Jessica Martin-Weber has tried several ways to get her children to listen.
The Portland, Ore., blogger and mother of six children recently posted a photo on Facebook showing her technique, adding it was a “breakthrough” for the family.
“I like to think I’m a chill parent but I have plenty of moments when that is not the case. Certain behaviours are more triggering for me than others,” she wrote on the social media site. “One such behaviour that requires deep breathing exercises on my part is interrupting. Particularly frequent and persistent interrupting. Which can happen easily with young children and in a large family.”
The technique involves teaching children how to wait their turn when having a conversation by using touch. “We have taught our children to demonstrate when they have something to share by gently laying a hand on our arm if we are speaking or listening to someone else at that moment. So they know we’re aware they want to say something, we physically respond in some way such as putting our hand over their hand or gently touching their back or holding their hand,” the post continued.
The teaching process
“We tried asking them to wait for a break in the conversation, to say excuse me/pardon, and say our name once and wait. None of those consistently worked with our young children,” Martin-Weber told Global News in an e-mail.
“We find it takes some children more time than others not only because of age and stage of development but also their personality can influence how well they remember to employ touch response.”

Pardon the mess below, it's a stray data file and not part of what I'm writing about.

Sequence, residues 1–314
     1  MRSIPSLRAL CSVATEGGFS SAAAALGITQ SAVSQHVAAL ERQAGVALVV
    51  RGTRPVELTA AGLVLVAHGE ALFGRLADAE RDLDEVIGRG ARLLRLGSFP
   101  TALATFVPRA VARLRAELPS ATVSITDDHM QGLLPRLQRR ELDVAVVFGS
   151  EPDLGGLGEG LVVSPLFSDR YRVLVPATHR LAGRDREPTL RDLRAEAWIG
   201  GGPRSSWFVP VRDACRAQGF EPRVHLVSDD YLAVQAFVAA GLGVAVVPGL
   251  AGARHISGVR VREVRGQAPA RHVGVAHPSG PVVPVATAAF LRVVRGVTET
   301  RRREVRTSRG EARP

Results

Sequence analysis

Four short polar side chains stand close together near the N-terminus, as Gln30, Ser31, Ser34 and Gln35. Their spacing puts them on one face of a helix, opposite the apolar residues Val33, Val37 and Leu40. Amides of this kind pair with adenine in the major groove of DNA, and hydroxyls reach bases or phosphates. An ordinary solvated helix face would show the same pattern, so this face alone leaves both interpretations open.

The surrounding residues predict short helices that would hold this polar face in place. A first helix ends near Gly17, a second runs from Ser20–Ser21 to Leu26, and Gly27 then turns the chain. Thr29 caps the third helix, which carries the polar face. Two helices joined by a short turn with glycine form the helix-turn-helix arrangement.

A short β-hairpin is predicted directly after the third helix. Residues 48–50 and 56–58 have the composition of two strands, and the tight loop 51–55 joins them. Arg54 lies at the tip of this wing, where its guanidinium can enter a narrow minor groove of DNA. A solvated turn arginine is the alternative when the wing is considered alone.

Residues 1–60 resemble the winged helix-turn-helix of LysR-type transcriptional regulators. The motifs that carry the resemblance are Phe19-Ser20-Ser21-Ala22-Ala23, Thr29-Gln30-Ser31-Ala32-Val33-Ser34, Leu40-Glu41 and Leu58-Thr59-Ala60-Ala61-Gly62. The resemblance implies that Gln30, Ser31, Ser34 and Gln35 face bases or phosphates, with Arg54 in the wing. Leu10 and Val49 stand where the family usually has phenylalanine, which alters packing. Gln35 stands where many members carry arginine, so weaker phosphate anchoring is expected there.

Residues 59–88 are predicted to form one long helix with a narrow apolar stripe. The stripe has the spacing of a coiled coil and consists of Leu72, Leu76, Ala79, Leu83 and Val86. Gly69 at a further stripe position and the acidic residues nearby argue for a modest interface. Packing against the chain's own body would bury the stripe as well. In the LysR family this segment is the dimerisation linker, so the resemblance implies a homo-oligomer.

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Martin-Weber says she decided to share her method with the parenting community after her youngest child picked up the technique — something that took some time.
“We’ve been doing it so long it is something I kind of take for granted and had thought it was a common parenting tool, I didn’t realize it would be so new to so many.”
Martin-Weber adds this method, in particular, pays attention to volume. “The child doesn’t feel they need to raise their voice to be recognized and heard. This reduces stress and parental/care giver frustration.”
But every child is different
But it doesn’t mean it works for every child and when around others, people may be taken off guard when they see her children touching arms.
“We have company visiting and we’ve had to explain what our younger children were doing when they would gently touch their arm. We are big on bodily autonomy in our family as well so we have to try to find a balance in having consent to touch someone and using this practice for interruption. That’s something we’re always working on.”
You must have patience
Dr. Jillian Roberts, child psychologist and associate professor of educational psychology at the University of Victoria, says the best way for parents to teach children how to listen is to be good listening models themselves.
“When your child is trying to tell you something, put down your device, look them in the eye, and listen carefully,” she tells Global News. “You can show your child that you heard them by reflecting or repeating a little back of what they said to you.”
She adds if siblings are talking over each other, this is also a good time to enforce how important listening is. “Meal times and time driving in the car are good opportunities to teaching good listening skills. Parents can encourage everyone to share something from their day. When someone is talking the rest of the family needs to be quiet and listen.”
And lastly, make sure there is room for positive reinforcement.
“If a parent notices a child listening carefully, then be sure to praise your child for their good listening. Remember, positive reinforcement is most helpful when it comes quickly and is specific.”